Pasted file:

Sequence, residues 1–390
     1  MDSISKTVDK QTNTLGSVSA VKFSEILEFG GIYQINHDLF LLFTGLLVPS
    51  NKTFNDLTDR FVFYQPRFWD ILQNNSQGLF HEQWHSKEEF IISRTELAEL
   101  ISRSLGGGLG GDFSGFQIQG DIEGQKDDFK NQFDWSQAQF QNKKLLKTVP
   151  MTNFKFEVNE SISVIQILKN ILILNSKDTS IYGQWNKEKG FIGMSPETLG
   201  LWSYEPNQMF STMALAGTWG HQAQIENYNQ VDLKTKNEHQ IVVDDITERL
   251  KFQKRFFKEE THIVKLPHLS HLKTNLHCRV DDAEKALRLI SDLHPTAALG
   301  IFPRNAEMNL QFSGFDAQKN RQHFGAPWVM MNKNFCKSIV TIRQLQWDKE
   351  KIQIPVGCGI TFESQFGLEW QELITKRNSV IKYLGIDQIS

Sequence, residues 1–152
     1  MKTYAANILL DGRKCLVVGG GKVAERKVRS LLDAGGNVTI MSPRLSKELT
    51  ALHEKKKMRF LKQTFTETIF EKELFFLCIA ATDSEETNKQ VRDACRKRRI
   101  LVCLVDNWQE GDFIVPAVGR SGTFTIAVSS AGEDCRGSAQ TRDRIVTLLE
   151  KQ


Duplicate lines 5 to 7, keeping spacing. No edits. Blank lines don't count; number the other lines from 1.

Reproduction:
   151  MTNFKFEVNE SISVIQILKN ILILNSKDTS IYGQWNKEKG FIGMSPETLG
   201  LWSYEPNQMF STMALAGTWG HQAQIENYNQ VDLKTKNEHQ IVVDDITERL
   251  KFQKRFFKEE THIVKLPHLS HLKTNLHCRV DDAEKALRLI SDLHPTAALG